Uses and Benefits of Probiotics

Probiotics live in the gastrointestinal tract and are called “friendly bacteria”, as opposed to “bad bacteria”. Probiotics are live microorganisms that can be taken as a food supplement. When taken as a health supplement, they are used to help restore the population of good bacteria in the intestinal tract. They are similar to what is found naturally in the gastrointestinal tract. There are different types of probiotics, and each one operates in a different capacity. Working together, they contribute to a person’s health and help prevent disease.

The purposes of friendly bacteria are many. They help digest, absorb, and metabolize food. They help eliminate toxins. They strengthen the immune system and thus help protect against microorganisms that could cause disease. There are actually around 400 kinds of probiotic bacteria in the human digestive tract. One well-known probiotic, Lactobacillus acidophilus, is found in live cultured yogurt. Sometimes people eat yogurt with the aim of increasing their intake of this probiotic. However, in order for this to be effective, it has to be a live culture yogurt. Pasteurization kills probiotics with heat.

When people experience digestive troubles, one thing they may try in order to improve digestion is to increase their intake of probiotics. This can be done through supplementation. Increased probiotics may help prevent diarrhea, cramping, and gas. They also may be useful in cases of vaginal yeast and urinary tract infections. When antibiotics are taken, they kill off the good bacteria as well as the bad, so taking probiotics helps build and bring back into balance the natural flora that should be in the intestines. Other benefits of probiotics may be preventing infections in the digestion tract, helping control inflammation, and helping with inflammatory bowel disease (IBD). There are ongoing studies being conducted regarding probiotics and their benefits.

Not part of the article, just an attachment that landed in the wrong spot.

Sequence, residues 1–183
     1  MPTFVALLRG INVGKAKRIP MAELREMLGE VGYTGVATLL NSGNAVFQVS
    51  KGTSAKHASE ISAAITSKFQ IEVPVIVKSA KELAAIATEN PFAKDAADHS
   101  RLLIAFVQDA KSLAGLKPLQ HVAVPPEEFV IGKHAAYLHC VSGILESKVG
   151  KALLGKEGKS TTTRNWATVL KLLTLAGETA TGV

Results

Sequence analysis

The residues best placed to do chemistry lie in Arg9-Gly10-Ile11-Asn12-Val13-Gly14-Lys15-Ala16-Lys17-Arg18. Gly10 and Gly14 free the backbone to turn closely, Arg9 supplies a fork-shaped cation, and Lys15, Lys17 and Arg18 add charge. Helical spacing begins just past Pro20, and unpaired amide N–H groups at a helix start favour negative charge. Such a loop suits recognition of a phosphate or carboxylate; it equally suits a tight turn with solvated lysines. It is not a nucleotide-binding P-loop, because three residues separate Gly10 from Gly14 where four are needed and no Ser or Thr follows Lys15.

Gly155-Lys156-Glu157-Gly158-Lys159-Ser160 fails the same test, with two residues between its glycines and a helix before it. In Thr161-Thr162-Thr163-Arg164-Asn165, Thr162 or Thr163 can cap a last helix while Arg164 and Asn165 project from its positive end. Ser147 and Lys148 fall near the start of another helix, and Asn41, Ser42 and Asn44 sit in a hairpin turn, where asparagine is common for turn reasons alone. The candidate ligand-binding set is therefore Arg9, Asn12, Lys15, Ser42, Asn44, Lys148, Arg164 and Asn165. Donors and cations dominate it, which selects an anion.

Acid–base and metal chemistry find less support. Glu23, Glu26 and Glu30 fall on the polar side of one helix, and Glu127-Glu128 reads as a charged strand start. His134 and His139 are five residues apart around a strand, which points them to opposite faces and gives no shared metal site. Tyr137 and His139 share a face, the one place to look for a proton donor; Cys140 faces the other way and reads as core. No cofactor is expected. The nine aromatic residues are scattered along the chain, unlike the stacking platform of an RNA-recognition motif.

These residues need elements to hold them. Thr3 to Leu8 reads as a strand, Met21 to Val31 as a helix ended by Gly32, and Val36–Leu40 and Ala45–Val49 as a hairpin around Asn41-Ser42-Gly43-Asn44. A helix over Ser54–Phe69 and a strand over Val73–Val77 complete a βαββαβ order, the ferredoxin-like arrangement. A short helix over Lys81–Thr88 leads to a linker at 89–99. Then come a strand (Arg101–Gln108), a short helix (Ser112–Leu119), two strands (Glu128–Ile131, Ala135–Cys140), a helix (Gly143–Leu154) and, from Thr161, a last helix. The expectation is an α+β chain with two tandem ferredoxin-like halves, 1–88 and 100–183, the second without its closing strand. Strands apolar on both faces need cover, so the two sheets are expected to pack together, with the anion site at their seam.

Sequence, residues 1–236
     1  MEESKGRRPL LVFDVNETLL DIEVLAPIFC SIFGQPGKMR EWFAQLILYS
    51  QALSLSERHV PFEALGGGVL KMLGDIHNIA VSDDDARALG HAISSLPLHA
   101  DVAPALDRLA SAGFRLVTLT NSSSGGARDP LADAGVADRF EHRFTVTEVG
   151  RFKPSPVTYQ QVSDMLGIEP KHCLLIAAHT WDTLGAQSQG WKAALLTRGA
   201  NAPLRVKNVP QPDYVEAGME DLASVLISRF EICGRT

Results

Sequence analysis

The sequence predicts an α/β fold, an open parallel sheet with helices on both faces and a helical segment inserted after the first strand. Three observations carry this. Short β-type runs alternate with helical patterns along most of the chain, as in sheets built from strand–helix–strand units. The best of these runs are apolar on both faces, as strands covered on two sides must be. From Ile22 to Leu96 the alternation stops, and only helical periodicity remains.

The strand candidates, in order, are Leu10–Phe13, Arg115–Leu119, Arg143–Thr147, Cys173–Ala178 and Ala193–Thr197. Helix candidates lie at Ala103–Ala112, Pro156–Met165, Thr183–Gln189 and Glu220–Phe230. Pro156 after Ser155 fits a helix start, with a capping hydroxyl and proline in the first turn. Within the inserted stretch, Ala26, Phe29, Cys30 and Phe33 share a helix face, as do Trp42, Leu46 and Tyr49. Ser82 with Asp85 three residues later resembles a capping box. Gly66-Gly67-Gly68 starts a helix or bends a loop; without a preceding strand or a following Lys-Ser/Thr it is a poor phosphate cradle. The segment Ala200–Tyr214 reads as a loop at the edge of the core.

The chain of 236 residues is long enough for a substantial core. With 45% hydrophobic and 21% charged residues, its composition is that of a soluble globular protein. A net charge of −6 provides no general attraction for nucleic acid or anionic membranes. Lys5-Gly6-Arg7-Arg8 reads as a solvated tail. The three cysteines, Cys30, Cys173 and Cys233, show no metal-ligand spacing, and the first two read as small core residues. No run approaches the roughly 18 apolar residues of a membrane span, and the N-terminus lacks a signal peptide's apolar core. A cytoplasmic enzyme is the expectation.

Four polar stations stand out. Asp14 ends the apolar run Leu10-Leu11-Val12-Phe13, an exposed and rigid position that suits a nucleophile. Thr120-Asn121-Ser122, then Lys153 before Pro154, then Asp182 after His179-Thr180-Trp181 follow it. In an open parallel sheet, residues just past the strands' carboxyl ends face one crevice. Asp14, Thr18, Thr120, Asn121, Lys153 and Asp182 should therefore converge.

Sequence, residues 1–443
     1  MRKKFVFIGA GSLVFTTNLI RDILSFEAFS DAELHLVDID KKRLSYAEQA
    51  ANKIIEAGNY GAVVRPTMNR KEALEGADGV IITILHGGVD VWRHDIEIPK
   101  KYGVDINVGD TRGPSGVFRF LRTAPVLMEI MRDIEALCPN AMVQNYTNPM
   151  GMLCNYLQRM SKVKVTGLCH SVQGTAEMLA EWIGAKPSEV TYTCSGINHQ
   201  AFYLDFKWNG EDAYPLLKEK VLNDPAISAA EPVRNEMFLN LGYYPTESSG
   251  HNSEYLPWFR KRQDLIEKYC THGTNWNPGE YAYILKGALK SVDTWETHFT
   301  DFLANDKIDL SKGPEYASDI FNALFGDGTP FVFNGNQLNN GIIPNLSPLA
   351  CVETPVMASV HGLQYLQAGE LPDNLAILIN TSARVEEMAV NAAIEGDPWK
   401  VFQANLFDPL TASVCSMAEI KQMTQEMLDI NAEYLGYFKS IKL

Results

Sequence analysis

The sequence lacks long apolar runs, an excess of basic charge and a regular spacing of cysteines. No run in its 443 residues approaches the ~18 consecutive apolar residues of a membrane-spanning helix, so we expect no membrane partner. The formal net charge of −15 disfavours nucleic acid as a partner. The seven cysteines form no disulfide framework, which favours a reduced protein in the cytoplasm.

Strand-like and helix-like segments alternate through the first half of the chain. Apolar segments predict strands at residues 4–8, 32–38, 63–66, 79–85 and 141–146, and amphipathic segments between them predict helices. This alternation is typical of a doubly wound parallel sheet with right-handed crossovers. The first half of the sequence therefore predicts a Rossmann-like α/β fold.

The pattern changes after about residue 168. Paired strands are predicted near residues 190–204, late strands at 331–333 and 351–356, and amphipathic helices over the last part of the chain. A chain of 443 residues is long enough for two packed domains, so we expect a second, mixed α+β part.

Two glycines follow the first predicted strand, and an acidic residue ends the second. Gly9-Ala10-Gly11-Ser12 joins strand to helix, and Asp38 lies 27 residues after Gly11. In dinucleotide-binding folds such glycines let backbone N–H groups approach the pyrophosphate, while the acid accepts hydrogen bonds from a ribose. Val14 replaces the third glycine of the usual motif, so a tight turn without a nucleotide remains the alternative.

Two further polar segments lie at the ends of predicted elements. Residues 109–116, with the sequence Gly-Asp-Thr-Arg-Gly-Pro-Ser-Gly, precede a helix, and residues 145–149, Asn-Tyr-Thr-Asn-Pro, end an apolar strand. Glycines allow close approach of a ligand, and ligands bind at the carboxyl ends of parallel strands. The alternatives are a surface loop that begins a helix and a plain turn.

Probiotics taken as supplements complement what is already naturally occurring in the digestive tract. Various people groups around the world have made probiotics a natural part of their diet with certain live foods they create and eat. These are particularly the cultured milk products such as yogurt, acidophilus milk and kefir. Other foods with probiotics are sauerkraut, Korean kimchi, miso soup, fermented soft cheese like Gouda, sourdough bread, sour pickles, tempeh, and probiotic supplements. If that list got your digestive juices going it may be because your body is talking to you to think about more probiotics. Probiotics are considered a type of food. If you have any questions about probiotics, these should be directed to your doctor or primary health giver.